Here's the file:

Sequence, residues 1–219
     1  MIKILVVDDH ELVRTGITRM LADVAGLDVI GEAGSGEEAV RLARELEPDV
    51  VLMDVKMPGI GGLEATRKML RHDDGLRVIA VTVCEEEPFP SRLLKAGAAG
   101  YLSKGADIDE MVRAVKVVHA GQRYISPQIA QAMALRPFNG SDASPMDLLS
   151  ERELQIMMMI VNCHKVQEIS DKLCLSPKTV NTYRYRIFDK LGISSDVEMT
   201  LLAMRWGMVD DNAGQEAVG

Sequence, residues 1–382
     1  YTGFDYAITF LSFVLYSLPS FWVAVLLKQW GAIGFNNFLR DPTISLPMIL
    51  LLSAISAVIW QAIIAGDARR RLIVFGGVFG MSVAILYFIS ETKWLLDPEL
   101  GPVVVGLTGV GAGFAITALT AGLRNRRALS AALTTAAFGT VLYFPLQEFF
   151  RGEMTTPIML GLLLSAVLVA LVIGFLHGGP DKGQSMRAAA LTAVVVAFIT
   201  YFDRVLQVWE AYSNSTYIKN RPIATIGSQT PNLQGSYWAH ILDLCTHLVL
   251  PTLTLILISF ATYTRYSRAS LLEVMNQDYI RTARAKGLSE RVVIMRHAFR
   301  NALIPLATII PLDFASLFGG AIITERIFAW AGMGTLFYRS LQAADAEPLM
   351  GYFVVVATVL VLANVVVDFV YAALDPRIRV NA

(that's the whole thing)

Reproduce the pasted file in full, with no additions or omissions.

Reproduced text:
Sequence, residues 1–219
     1  MIKILVVDDH ELVRTGITRM LADVAGLDVI GEAGSGEEAV RLARELEPDV
    51  VLMDVKMPGI GGLEATRKML RHDDGLRVIA VTVCEEEPFP SRLLKAGAAG
   101  YLSKGADIDE MVRAVKVVHA GQRYISPQIA QAMALRPFNG SDASPMDLLS
   151  ERELQIMMMI VNCHKVQEIS DKLCLSPKTV NTYRYRIFDK LGISSDVEMT
   201  LLAMRWGMVD DNAGQEAVG

Sequence, residues 1–382
     1  YTGFDYAITF LSFVLYSLPS FWVAVLLKQW GAIGFNNFLR DPTISLPMIL
    51  LLSAISAVIW QAIIAGDARR RLIVFGGVFG MSVAILYFIS ETKWLLDPEL
   101  GPVVVGLTGV GAGFAITALT AGLRNRRALS AALTTAAFGT VLYFPLQEFF
   151  RGEMTTPIML GLLLSAVLVA LVIGFLHGGP DKGQSMRAAA LTAVVVAFIT
   201  YFDRVLQVWE AYSNSTYIKN RPIATIGSQT PNLQGSYWAH ILDLCTHLVL
   251  PTLTLILISF ATYTRYSRAS LLEVMNQDYI RTARAKGLSE RVVIMRHAFR
   301  NALIPLATII PLDFASLFGG AIITERIFAW AGMGTLFYRS LQAADAEPLM
   351  GYFVVVATVL VLANVVVDFV YAALDPRIRV NA